allowed and just 2.7 yards a carry as a team. If they learned
any lessons from last season’s debacle, it’ll help the team in
The veteran of the unit is senior left tackle Peter Graniello,
who has started 33 games going back to his freshman season. A
quality pass protector at 6-5 and 296 pounds, he had an off year
in 2006 that was attributed to a painful shoulder injury.
Graniello went under the knife in the off-season, but will be
ready in time for the start of the season.
At right tackle, Eben Britton is only a sophomore, yet
he’s well on his way to becoming the anchor of the line and one
of the rising stars in the Pac-10 . A Freshman All-American in
2006, he was one of the bright spots on a unit that struggled
throughout the year. Britton is 6-6, light on his feet and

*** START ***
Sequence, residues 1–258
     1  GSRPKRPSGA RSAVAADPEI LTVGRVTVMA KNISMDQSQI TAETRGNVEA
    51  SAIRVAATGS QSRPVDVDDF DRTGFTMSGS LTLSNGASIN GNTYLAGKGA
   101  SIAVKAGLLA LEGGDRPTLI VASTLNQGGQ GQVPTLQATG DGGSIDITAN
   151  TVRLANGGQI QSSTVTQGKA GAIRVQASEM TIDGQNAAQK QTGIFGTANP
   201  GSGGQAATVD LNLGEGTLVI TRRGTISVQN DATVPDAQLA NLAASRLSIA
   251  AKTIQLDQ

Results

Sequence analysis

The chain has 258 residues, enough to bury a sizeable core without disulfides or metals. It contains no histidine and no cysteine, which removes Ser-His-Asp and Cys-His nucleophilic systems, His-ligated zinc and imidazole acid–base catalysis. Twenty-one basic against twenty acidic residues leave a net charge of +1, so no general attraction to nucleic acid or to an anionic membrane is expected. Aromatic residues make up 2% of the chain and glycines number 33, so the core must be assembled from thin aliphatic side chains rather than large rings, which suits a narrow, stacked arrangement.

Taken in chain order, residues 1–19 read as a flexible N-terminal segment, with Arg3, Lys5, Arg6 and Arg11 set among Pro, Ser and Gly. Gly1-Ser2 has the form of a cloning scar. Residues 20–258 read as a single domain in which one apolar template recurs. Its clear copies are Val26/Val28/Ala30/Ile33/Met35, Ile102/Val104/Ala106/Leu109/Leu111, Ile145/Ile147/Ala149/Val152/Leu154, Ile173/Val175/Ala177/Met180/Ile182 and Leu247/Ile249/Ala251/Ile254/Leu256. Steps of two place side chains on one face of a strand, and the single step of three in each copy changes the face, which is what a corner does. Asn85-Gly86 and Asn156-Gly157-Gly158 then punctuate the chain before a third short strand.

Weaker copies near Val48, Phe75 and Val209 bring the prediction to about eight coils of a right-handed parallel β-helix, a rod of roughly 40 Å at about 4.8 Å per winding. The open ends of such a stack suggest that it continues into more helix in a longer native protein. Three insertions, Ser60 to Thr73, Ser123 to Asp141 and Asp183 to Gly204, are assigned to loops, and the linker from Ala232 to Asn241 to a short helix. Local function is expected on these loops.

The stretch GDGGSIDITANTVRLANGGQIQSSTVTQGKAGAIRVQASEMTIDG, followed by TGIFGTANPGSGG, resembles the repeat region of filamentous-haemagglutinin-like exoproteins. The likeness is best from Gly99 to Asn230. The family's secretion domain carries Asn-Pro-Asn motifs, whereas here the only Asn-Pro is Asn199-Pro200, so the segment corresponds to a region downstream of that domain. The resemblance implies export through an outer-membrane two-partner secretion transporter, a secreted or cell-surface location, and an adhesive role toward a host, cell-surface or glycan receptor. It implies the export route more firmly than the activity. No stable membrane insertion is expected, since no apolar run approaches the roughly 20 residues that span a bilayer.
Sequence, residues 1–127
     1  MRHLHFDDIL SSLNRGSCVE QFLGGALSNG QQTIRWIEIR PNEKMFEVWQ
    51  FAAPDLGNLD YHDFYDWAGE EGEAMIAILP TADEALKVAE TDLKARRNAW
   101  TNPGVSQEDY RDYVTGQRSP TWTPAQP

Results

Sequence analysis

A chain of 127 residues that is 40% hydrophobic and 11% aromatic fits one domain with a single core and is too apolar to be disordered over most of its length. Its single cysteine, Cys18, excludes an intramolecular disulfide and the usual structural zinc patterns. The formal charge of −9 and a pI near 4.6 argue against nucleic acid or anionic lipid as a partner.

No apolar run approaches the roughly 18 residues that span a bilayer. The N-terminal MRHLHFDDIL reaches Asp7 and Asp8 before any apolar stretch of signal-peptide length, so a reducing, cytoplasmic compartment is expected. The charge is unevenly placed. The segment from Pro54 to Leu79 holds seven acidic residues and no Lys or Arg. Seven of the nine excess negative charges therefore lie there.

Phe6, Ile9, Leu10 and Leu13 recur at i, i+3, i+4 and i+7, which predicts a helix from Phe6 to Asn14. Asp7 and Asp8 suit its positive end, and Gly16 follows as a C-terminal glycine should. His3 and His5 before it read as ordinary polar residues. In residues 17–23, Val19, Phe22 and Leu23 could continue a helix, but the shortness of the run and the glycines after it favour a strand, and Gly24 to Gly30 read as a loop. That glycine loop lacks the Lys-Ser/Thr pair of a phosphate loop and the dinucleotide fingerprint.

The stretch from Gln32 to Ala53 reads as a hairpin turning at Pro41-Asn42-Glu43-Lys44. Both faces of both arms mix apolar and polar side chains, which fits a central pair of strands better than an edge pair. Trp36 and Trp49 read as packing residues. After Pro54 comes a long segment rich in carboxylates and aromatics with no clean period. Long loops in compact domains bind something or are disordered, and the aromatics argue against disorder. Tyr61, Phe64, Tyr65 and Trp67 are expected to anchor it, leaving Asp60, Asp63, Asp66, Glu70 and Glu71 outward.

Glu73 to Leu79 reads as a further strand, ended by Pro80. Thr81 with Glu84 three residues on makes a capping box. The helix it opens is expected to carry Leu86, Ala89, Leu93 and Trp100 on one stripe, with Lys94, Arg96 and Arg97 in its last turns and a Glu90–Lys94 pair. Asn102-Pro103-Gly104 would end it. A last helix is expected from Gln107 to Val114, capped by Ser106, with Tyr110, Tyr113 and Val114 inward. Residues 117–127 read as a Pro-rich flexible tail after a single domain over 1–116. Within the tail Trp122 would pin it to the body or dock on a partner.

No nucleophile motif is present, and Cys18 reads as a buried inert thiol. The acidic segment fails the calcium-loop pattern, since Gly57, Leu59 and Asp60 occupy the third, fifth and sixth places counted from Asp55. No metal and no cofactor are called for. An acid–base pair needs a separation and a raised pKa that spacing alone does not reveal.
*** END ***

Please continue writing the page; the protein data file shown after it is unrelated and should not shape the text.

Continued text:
still getting bigger and stronger in the off-season.
Manning the middle for the second straight year will be
sophomore center Blake Kerley. Although just 6-2 and 273
pounds, he held up just fine last year, making every snap of the
season for the Wildcats. One of the fiery leaders of the line,
Kerley must adjust to making a ton more shotgun snaps in the new
The guards will once again be junior Joe Longacre on the
left side and sophomore Daniel Borg on the right. Now in
his third year as a starter, Longacre is a physical, 305-pound
lineman that needs to improve at pass protection. After
splitting time with Adam Hawes in the lineup last year, the job
is all Borg’s in 2007. The most versatile of the Arizona
linemen, he has the head and the feet to play just about any
interior position if needed.
Projected Top Reserves: The second unit of the
front wall will be young and untested, but loaded with upside
thanks to solid recruiting classes from 2005 and 2006. Junior